Photos: Towering VB10000 Arrives at Golden Ray Wreck Site

Mike Schuler
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October 28, 2020

The heavy-lift vessel VB10,000 arrives at the Golden Ray wreck site on Oct. 27, 2020. St. Simons Sound Incident photo by Petty Officer 2nd Class Michael Himes

The heavy lift vessel VB10000 has arrived in St. Simons Sound, Georgia for the highly anticipating cutting and lifting operation in the salvage of the Golden Ray.

The vessel arrived Tuesday and is now in place above the capsized wreck. The vessel will us a 3-inch anchor chain to cut the wreck into eight sections weighing thousands of tons apiece. The chain will move at roughly 8 feet per minute to slowly cut through the wreck from the bottom up then switch to a tungsten carbide cutting chain for any “top-down” cuts when necessary.

The VB10000 will then lift and place the sections on barges and dry docks inside the Environmental Protection Barrier (EPB) for transport to a shore-side recycling facility.

St. Simons Sound Incident

The U.S.-flagged VB10000, with its towering 178-foot-tall twin-gantry cranes, has been being prepared for job at the Port of Fernandina, Florida. Meanwhile, the vessel’s crew has been sequestered inside a “bubble” in order to mitigate their COVID-19 exposure ahead of the operation.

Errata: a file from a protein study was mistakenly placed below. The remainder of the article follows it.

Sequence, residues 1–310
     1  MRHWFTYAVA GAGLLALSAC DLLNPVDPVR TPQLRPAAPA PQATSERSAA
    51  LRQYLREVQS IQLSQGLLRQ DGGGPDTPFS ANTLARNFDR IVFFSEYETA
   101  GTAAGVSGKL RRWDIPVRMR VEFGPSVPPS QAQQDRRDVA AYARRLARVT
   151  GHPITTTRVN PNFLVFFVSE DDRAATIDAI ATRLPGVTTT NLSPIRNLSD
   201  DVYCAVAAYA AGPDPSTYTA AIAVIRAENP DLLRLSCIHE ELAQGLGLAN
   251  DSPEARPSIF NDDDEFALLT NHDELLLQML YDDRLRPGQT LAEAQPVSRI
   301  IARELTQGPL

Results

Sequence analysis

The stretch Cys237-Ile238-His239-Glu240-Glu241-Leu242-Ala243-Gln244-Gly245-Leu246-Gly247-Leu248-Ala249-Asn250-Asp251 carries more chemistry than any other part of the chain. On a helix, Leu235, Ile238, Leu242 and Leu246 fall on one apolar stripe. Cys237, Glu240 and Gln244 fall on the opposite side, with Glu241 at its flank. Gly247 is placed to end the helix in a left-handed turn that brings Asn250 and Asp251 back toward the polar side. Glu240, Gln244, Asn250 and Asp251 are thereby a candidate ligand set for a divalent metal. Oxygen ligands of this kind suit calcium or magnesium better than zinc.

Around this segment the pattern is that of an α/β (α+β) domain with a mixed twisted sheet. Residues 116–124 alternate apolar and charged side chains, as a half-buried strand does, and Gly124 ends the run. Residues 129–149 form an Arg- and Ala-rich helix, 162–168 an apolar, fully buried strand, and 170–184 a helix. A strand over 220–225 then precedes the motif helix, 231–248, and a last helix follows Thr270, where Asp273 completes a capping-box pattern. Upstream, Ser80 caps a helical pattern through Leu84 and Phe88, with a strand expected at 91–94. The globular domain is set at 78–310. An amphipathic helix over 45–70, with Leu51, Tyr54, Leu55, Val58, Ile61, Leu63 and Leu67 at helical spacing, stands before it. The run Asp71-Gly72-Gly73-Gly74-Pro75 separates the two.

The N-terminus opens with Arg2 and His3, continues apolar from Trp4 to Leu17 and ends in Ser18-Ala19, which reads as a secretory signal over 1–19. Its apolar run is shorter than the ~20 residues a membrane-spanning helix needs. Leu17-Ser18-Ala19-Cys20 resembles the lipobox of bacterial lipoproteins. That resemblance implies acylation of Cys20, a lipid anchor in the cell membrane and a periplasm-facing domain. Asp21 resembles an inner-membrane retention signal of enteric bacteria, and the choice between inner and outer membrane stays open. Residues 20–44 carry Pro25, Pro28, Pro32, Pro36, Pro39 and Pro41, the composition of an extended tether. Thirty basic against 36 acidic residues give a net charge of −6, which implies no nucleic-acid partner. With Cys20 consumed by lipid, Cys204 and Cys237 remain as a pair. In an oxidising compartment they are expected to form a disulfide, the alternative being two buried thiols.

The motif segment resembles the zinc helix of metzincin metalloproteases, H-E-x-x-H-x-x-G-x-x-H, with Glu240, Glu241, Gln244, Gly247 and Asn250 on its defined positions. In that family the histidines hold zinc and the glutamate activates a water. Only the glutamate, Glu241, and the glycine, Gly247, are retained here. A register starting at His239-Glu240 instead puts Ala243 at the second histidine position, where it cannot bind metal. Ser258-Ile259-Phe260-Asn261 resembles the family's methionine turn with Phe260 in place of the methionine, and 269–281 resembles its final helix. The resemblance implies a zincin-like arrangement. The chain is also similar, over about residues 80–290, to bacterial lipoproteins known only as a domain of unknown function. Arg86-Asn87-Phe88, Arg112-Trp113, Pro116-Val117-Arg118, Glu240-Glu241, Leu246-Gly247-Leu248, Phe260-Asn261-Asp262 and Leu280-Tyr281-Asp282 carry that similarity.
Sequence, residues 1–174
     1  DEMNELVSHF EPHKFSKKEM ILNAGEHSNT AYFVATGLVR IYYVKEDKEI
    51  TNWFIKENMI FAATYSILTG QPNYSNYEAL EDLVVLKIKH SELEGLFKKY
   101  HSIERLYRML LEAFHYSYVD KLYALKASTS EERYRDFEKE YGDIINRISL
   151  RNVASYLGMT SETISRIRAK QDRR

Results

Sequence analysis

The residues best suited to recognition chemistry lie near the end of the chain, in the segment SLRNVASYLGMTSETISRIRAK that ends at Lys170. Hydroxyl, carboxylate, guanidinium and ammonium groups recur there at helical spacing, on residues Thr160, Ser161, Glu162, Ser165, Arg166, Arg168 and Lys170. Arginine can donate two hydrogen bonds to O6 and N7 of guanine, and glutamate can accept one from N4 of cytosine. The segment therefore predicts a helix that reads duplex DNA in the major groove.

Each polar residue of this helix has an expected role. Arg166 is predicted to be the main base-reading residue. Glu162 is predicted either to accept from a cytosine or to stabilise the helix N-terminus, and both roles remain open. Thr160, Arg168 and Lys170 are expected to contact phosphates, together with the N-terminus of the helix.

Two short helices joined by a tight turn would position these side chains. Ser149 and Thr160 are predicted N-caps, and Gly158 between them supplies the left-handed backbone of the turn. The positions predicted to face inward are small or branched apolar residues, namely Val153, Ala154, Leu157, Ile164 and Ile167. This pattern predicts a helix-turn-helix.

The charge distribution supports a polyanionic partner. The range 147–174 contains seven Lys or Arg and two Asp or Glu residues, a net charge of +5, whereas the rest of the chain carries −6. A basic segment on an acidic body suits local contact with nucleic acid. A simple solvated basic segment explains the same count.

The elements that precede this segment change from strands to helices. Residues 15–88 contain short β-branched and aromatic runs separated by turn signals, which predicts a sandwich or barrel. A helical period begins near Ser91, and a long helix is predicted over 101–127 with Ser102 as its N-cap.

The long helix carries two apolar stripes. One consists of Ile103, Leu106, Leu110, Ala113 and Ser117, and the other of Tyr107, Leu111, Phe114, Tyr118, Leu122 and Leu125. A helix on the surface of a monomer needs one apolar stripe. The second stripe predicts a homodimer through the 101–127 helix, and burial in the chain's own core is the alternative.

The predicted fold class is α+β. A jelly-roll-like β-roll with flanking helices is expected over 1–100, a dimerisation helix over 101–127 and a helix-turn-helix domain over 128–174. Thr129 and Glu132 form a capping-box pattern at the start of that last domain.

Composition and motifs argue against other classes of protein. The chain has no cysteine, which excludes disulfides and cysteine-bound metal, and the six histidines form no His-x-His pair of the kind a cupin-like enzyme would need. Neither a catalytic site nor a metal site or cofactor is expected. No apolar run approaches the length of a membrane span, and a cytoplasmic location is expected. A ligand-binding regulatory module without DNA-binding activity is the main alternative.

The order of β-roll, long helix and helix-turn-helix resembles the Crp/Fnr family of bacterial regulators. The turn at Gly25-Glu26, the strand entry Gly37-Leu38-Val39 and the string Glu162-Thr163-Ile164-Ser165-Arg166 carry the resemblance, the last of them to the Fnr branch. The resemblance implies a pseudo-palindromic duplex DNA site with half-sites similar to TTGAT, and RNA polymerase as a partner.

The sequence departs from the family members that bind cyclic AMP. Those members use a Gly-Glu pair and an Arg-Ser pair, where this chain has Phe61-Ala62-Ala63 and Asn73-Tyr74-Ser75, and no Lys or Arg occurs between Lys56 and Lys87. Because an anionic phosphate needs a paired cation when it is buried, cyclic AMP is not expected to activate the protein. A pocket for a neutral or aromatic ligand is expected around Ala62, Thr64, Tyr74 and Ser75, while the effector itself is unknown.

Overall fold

The Golden Ray was carrying about 4,200 vehicles when it lost stability and grounded as it departed the Port of Brunswick more than a year ago in September 2019. All vehicles remain inside the ship’s cargo holds.

St. Simons Sound Incident

The salvage operation, one of the largest marine salvages in U.S. history, has so far faced several hurdles including the COVID-19 pandemic, which forced the suspension of on-site work in July after several workers tested positive for the virus. More recently, an issue with the mooring system of VB10000 further delayed the operation by several weeks.

The Unified Command overseeing the response has said previously that the cutting and lifting operation is expected to take eight weeks.

St. Simons Sound Incident

Owned by engineering firm Versabar and built in 2010, the VB 10000 is a heavy lifting vessel originally designed for the installation and decommissioning of offshore oil and gas platforms with a single lift. The vessel is equipped with twin-gantry cranes with a hook height of 178 feet and maximum lifting capacity is 7,500 tons. For previous jobs, the vessel has been equipped with a set of massive 1,100-ton purpose-built “Claws”, allowing the vessel to retrieve large sunken objects and debris.

A video of how they plan to remove the Golden Ray is below:

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